Atlanta Falcons

Atlanta Falcons Would Be Wise to Acquire Steven Jackson

SEATTLE, WA - DECEMBER 30:  Running back Steven Jackson #39 of the St. Louis Rams rushes against the Seattle Seahawks at CenturyLink Field on December 30, 2012 in Seattle, Washington.  (Photo by Otto Greule Jr/Getty Images)
Otto Greule Jr/Getty Images
Brian LeighFeatured ColumnistMarch 11, 2013

For nine largely impressive (albeit wildly unfulfilled) seasons, Steven Jackson has worn his heart, body and mind on his sleeve for the St. Louis Rams. But that capricious marriage has probably run its course, and the pursuit of Jackson's service has finally leaked its first real lead.

Per The St. Louis Post-Dispatch:

As for running back Steven Jackson, there weren’t a lot of phone calls inquiring about him Saturday according to those close to Jackson. But Atlanta still is regarded as the frontrunner for his services, and the Falcons aren’t the only team interested.

Other names—most notably the Green Bay Packers and Denver Broncos—have been floated around as possibilities, and from a football standpoint, they do make plenty of sense. But those rumors have been fleeting at best. Like the report says: Atlanta is undoubtedly considered the frontrunner. We finally have a story to talk about.

Which leads us to here—the consistently fun, potentially unnecessary art of speculation. If Steven Jackson does land in Atlanta, how do we think it would work out?

The evidence working against Jackson is compelling. He's 29 years old, which, if consumed in a vacuum, ain't exactly decrepit. But running backs age like milk, not wine. Once they hit their expiration date—usually some time around 30—things tend to go downhill fast.

But that's hardly a sure thing. Numbers count for something, and history does tend to repeat itself. But the eye test still, ultimately, is the most reliable tool available. And when I watch Steven Jackson run, I see a guy whose tank isn't empty.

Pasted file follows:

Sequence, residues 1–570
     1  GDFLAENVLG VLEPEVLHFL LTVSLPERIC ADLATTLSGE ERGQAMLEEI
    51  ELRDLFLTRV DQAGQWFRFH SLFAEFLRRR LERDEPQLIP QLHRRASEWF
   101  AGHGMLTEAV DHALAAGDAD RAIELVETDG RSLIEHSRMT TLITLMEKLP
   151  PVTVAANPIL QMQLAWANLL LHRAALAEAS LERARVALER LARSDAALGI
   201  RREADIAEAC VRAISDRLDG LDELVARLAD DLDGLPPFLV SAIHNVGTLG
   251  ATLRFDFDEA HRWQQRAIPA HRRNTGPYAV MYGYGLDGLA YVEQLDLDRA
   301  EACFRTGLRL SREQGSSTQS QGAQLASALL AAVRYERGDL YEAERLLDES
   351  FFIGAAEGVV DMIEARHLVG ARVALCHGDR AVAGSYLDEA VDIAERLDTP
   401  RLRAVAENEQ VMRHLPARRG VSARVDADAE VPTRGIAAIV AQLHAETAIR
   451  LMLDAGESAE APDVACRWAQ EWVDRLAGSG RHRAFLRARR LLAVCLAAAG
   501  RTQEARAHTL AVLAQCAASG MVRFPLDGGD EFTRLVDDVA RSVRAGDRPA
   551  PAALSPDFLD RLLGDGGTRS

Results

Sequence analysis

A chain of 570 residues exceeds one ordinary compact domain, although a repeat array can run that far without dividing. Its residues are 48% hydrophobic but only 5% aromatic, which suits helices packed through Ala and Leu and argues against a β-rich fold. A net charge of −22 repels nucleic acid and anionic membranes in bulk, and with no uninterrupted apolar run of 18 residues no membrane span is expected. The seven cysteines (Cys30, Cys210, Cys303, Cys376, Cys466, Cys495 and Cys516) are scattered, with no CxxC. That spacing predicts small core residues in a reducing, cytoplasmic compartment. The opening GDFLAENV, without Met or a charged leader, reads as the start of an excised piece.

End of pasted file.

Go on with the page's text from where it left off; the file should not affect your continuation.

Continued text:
Should the Falcons go out and give him a long, exorbitant contract? No. But should they do their best to acquire him reasonably? Absolutely, yes.

Even behind a God-awful offensive line, Jackson still managed 1,000-plus yards in 2012. He played in all 16 games and averaged 4.1 yards per pop. 

More than anything tangible, though, Jackson would be playing on a contender for the first time in years. And not just any contender—a Super Bowl contender. A team that was one break away from winning the NFC. A team that genuinely matters.

If that's not enough to invigorate Jackson—a man who's spent his career withering away in trifling St. Louis, one of the league's least-relevant franchises—I don't know what is. He'll be featured on multiple primetime games, and he'll probably be in divisional playoff races. He'll have all the motivation to perform in the world.

With Michael Turner's departure, he'll also have ample room for touches. Maybe not as much as he would have in St. Louis—though sophomore backup Daryl Richardson was sure to infringe—but enough to be important. He'd be the thunder to Jacquizz Rodgers' lightning, but he'd provide a much bigger clap than Turner (in present form).

Atlanta provided the twilight of Tony Gonzalez's career with substance. And Gonzalez rewarded their faith by providing a few years of still-very-high-level production. It's a formula that's worked—and might potentially still work, depending on whether or not Gonzalez retires—to the utmost.

Why not try to catch lightning in a bottle twice?

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